In Please don't migrate low-quality questions to other sites , there's reference to "Some random guy who thinks that maybe he can get an answer, whether it's badly worded or not."

I often find badly worded questions a sign that the person asking it hasn't put a lot of effort into the question, and probably hasn't googled his question or even thought about it before asking. Likewise, we joke about "plz send teh codez", suggesting a link between question quality and English grammar.

However, is this a reliable indicator, or does it only apply some of the time?

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    First, no. Second, yes.
    – Shog9
    Mar 13, 2011 at 2:11
  • 2
    @Shog9: My question must have been poorly phrased! Mar 13, 2011 at 2:14

4 Answers 4


I see 2 distinct "analysis axes": the form and the content.

Bad form could be due to bad writing skills (some people are solidly impaired by that and there is almost nothing to do about it) and/or bad command of English. This, I think, is excusable to some extent.

As for the bad content, reasons could be the lack of knowledge about SE rules (what and where I can I post?) and/or the lack of knowledge about the core concepts of the discussed subject. The first type would most probably require a moderator action. The second type, I believe, could be tolerated to some extent if the question is somehow salvageable - naive, wrong questions could get an explanation of why they don't make much sense.


Poorly phrased questions can be an indicator of a bad question. However, it can also be an indicator of a non-native english speaker among many other things.

What you really should be doing is applying multiple filters to try and determine if the question is a bad question or one that just needs some cleaning up.


Bad grammar or spelling can mean that the writer is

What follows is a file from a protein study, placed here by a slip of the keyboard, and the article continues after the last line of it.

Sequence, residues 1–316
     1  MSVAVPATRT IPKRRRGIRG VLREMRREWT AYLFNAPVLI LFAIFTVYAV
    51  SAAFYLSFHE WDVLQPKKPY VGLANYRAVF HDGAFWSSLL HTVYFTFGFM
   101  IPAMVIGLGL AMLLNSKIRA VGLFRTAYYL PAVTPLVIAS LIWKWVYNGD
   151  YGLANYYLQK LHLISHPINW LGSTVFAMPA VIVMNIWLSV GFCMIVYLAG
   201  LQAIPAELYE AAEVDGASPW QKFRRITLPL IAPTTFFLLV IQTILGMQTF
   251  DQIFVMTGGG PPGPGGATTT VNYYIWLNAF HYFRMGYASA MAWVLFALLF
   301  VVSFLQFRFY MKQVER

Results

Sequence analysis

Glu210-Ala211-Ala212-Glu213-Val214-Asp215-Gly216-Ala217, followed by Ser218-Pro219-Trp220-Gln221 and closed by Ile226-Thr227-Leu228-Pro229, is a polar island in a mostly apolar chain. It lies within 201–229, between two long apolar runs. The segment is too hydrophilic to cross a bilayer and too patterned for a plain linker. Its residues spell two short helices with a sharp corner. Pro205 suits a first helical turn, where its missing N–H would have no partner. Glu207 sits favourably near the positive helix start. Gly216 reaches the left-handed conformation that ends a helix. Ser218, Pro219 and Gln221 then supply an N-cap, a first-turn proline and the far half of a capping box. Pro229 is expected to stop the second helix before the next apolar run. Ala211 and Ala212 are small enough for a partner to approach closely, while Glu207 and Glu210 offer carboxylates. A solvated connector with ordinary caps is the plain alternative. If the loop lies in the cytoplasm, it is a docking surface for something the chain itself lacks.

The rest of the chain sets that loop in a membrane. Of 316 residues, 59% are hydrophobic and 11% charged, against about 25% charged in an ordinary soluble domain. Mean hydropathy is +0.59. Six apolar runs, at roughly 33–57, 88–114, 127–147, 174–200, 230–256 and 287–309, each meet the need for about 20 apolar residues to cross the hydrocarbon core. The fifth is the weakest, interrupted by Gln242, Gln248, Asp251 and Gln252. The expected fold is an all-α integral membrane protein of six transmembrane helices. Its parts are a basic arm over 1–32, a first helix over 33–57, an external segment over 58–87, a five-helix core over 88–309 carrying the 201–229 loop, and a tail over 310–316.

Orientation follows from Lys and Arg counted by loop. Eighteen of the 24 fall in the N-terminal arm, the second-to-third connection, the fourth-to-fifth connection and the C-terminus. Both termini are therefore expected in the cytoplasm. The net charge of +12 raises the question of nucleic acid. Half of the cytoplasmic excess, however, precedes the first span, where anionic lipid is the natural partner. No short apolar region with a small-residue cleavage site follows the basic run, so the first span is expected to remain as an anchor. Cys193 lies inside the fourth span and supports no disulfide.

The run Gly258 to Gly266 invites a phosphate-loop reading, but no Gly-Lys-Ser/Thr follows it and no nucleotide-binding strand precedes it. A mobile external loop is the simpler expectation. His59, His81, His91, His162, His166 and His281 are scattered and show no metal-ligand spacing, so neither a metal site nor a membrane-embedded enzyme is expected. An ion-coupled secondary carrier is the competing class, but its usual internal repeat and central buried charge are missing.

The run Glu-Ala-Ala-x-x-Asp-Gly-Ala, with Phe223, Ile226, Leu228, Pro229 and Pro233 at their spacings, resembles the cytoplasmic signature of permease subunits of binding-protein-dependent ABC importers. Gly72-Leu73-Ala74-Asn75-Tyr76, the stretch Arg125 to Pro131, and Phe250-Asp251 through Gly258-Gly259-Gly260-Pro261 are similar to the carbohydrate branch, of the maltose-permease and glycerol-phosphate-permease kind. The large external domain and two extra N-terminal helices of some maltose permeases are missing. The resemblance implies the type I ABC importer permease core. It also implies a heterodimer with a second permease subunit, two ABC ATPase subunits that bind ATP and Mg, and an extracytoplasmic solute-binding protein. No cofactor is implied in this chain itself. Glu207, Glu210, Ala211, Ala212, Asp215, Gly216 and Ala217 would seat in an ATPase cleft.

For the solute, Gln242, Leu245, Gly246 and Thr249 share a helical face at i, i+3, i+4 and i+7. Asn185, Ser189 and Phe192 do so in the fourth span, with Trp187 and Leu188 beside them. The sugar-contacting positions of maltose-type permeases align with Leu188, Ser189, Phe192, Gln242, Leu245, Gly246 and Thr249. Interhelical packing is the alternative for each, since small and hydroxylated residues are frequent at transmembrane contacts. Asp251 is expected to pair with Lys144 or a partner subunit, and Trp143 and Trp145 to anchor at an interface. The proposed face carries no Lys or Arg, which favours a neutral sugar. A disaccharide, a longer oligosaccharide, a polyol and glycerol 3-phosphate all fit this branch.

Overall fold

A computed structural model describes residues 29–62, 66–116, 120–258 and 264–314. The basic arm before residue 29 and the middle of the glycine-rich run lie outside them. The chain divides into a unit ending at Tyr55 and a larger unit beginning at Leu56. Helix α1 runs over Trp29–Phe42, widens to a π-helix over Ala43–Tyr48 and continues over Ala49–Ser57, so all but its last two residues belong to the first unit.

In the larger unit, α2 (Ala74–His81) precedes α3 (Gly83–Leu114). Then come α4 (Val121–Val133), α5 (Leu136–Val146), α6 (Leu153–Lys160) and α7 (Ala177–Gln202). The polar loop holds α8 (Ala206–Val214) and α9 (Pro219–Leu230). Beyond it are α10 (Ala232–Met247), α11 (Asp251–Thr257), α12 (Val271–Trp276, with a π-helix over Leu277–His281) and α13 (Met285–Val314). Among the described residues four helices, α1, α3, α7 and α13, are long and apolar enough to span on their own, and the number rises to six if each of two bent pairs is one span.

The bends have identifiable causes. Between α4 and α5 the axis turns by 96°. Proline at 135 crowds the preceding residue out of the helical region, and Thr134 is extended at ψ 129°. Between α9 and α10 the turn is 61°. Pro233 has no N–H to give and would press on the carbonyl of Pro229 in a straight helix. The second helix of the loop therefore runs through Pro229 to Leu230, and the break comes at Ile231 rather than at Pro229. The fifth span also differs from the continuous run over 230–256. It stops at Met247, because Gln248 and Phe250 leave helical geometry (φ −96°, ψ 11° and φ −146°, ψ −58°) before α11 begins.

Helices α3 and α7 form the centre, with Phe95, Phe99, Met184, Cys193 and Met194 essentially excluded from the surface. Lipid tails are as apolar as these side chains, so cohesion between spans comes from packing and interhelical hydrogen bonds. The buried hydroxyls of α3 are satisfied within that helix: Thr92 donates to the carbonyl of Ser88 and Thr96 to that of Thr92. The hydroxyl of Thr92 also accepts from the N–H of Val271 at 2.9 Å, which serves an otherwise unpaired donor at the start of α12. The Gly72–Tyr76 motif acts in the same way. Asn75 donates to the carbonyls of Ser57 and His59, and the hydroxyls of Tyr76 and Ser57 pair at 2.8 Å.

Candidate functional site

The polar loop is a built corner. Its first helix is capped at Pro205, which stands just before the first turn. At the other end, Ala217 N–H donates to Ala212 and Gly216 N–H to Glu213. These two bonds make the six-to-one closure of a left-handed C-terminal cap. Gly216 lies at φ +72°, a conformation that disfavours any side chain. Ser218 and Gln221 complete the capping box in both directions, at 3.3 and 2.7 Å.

1. new to the English language, or
  2. dyslexic, or
  3. just plain stupid, or
  4. some combination of the above.

On the other hand, I've seen questions that were syntactically correct, but still made no sense whatsoever.

Writing skills are an important indicator, but you shouldn't use them as the only indicator.

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    I'd also like to add that the non-native speakers are easy to pick out, because they don't make the same kind of mistakes that the native speakers do. It's probably because the natives learn to speak English several years before learning to write it. Mar 13, 2011 at 2:44
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    "Badly worded" is not necessarily the same thing as "Bad grammar or spelling".
    – Aarobot
    Mar 13, 2011 at 3:30

I do have the impression that there is a certain correlation between very basic conceptual questions (i.e. questions that show a lack of understand of basic concepts of a programming language/API/...) and bad grammar/spelling. I'm very reluctant to actually type this out, because I'm not entirely sure of it and don't know exactly why.

But my current theory is this: those who learn English as a second or third language will have a hard time getting their information from all those "static" resources out there: documentation, books, ...

This means that they are more likely to have question about topics that should be explained by a good introductory tutorial on the topic.

That being said: the rate of plainly bad questions (i.e.: absolutely no work by the asker, badly phrased (irrespective of typos/grammar problems), ...) seems to be pretty much independent of the language skill of the asker.

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